Michigan sophomore point guard Trey Burke talks about his confidence in his teammates, how he feels…
U-M hopes to take road more traveled (w/video
Having been a college basketball coach for far more than half of his life, Beilein does bring an added dimension of knowledge and experience and knows there's a fine line between a long, plentiful, fulfilling NCAA tournament run and a short lived high as you're sent home packing just like the Wolverines were last year after a loss to Ohio in the second (first game) round.
The college game has evolved and Michigan is adjusting just like everyone else.
"I think when we first went to 64 teams a lot of people were staying for three or four years and a lot of juniors or seniors were playing for those top seeds," said Beilein. "It's not like that anymore. You have juniors and seniors at the mid-majors playing against freshman and sophomores at the high-majors. That's pretty even."
Set to square off with a South Dakota State (22-9, 13-3 in Summit) team with just one underclassman, freshman guard Jake Bittle, in their seven-man rotation, the Jackrabbits fit the mold of the new age of college basketball, one that mandates and encourages top talent to play one season before moving onto the NBA.
Lead by senior point guard and 2013 Bob Cousy Collegiate Point Guard of the Year finalist, Nate Wolters, South Dakota State will be no pushover for Michigan. Wolters will come into Thursday's contest averaging 22.7 points per game and 5.8 assists per game as part of a starting five with four averaging in double figures and none averaging less than 3.7 rebounds a game.
But John Beilein isn't sweating the Jackrabbits. In fact, he's embracing them.
In 2005 while Beilein was still the head coach at West Virginia, the Moutaineers advanced all the way to the elite eight prior to being knocked out by Louisville in overtime. In the three games leading up to the loss to the Cardinals, West Virginia's margin of victory was a combined 13 points.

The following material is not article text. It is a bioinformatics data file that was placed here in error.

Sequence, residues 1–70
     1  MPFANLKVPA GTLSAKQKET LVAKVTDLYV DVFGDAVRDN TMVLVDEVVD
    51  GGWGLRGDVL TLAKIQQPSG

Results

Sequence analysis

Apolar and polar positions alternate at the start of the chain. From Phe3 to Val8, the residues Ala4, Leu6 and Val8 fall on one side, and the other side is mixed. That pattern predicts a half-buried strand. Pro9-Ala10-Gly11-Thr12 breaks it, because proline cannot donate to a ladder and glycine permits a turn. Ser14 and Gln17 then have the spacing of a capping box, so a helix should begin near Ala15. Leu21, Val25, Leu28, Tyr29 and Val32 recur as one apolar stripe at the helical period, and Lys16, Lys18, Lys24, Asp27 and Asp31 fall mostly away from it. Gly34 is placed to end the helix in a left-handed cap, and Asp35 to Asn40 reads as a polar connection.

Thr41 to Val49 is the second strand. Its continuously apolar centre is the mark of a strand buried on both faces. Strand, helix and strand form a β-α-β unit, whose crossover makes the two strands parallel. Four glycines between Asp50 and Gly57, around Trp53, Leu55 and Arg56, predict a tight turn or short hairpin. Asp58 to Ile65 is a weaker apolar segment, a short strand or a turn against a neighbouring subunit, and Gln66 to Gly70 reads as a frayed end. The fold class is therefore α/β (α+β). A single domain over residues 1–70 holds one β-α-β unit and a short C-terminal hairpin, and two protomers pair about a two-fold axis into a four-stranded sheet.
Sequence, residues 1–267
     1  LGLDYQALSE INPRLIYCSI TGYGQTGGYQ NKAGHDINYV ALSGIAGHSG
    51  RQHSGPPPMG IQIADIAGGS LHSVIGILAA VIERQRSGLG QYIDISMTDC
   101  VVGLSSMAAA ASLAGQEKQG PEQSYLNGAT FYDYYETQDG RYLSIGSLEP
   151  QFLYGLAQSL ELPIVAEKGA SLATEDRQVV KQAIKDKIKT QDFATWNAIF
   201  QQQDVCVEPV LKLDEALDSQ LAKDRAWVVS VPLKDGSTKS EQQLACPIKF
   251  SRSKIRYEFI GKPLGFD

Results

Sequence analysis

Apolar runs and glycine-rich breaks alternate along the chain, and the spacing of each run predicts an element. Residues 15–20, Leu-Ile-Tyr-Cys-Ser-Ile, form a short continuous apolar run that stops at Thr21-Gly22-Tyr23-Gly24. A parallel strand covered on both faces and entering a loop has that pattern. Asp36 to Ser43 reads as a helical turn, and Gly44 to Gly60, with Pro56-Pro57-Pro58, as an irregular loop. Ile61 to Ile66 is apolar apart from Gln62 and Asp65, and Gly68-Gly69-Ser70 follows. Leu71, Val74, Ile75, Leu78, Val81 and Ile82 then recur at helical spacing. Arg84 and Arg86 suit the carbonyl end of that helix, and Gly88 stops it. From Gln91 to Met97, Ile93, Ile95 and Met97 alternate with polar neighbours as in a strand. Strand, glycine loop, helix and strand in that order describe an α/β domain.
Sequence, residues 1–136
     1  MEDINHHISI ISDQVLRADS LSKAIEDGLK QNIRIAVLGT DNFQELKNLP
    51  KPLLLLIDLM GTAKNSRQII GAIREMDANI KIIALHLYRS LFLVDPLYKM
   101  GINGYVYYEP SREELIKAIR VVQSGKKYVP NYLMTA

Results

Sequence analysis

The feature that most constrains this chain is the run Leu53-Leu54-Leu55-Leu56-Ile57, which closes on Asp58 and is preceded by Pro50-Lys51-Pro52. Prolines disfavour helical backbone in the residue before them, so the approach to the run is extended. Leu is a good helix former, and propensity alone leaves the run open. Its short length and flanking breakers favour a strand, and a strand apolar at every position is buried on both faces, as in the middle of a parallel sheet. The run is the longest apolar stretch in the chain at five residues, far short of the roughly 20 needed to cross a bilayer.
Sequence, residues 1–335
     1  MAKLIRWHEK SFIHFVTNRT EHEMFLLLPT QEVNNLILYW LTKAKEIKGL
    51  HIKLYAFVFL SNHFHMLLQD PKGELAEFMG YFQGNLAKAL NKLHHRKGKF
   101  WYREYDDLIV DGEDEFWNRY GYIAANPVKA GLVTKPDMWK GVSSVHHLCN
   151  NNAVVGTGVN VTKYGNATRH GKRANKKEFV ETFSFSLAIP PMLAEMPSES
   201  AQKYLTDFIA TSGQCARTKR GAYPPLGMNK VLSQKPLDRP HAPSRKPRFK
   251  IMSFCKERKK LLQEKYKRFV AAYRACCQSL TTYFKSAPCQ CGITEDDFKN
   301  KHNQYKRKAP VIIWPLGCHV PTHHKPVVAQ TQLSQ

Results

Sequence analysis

"The one year we went to the elite eight we won at the buzzer, double overtime, at the buzzer," said Beilein. "And those could have been loss, loss, loss, and you're messed up.
"If you watch the NCAA tournament and the way it's evolved over time, every team needs a break or two in those first two rounds to advance and then they might get going. If you look at national champions, sometimes their hardest games are the first or second and if they don't get through them, it's done. That's the way the tournament is now."
Should Michigan slow down the Jackrabbits attack Thursday, the road wouldn't get any easier with a potential match-up with No. 5 seed Virginia Commonwealth Saturday. The Wolverines aren't getting ahead of themselves though, and that's the message the coaching staff hopes seeps into their minds.
"It's all year long that we're doing different things to make sure that they put things into perspective but they also know the relevance of this, how important it is, how well they've done that they've gotten to this point -- now let's seize the day. Let's go after it with everything we can."
Burke national player of the year
Word came down Tuesday afternoon that Michigan sophomore point guard Trey Burke, the 2012-2013 Big Ten player of the year, was selected by Sports Illustrated as the national player of the year and a first team All-American performer.
Beilein couldn't be more proud of his second year star.
"You know what I marvel at?" said Beilein. "How well he's handled it. There isn't one bit of -- he's so modest about these things and so humble about all of these things, especially with his teammates. It's always been about winning in so many ways and I know that this tournament is important for him as well -- to win.
"And I know that he will be an active voice, ever since our Big Ten season ended, to make sure our kids understand that this is the real deal now. This is the one thing we've got to go after and this is what we've been working for all year long."
To watch video of Beilein, press play below.
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